I've been wrestling with a certain research problem for a few years now, and I wonder if it's an instance of a more general problem with other important instances. I'll first describe a general formulation of the problem, and then I'll reveal my particular instance.

Let $S_n$ denote a set of objects of size $n$. I am interested in subsets $G_n\subseteq S_n$ with two properties:

There are natural probability distributions on $S_n$ for which a random member lands in $G_n$ with high probability, so $G_n$ is ubiquitous in some sense.

It seems rather difficult (and it might be impossible) to efficiently construct a member of $G_n$ along with a certificate of its membership which can be verified in polynomial time.

**Question:** Do you have an example of $G_n$ which satisfies both of these?

Here's my example: Let $S_n$ denote the set of real $m\times n$ matrices with $1\leq m\leq n$, fix a constant $C>0$, and say $\Phi\in G_n$ if the following holds for each $k$ satisfying $m\geq Ck\log(n/k)$: If $x\in\mathbb{R}^n$ has $k$ nonzero entries, then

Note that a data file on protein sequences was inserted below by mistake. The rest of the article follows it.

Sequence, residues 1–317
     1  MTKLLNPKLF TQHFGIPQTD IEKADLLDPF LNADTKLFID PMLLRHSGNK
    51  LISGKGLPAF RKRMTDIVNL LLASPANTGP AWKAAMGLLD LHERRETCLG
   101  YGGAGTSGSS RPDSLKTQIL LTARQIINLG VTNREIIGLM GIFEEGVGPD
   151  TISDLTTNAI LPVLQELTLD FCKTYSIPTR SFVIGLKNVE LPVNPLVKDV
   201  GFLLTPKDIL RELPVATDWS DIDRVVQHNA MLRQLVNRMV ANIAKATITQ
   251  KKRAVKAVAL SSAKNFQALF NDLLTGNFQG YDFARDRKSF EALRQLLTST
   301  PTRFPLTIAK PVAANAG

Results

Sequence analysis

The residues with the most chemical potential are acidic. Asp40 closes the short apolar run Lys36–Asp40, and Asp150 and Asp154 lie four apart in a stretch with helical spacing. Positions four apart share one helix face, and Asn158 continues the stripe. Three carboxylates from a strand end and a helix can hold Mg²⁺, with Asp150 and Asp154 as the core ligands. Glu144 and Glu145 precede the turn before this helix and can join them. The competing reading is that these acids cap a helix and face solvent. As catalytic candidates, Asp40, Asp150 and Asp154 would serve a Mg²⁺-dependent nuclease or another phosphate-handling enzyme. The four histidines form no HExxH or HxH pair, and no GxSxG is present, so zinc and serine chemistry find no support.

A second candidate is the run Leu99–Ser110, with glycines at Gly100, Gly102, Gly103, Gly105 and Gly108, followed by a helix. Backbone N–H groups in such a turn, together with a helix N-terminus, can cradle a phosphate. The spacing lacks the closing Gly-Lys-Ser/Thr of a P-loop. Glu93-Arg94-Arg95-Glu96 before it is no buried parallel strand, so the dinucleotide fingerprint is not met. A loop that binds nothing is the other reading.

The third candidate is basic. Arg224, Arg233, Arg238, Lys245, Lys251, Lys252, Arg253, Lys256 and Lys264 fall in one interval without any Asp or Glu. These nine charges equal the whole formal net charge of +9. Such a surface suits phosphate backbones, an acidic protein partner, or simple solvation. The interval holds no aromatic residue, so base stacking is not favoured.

$$\frac{1}{2}\|x\|^2\leq\|\Phi x\|^2\leq\frac{3}{2}\|x\|^2.$$

(This is essentially what it means for $\Phi$ to satisfy the restricted isometry property.) In this case, $G_n$ satisfies 1 above (provided $C$ is sufficiently large) by considering matrices with iid subgaussian entries. The fact that $G_n$ is plagued with 2 above is the subject of this blog entry by Terry Tao.

ahaystack"). $\endgroup$ – Noam D. Elkies Dec 30 '13 at 16:51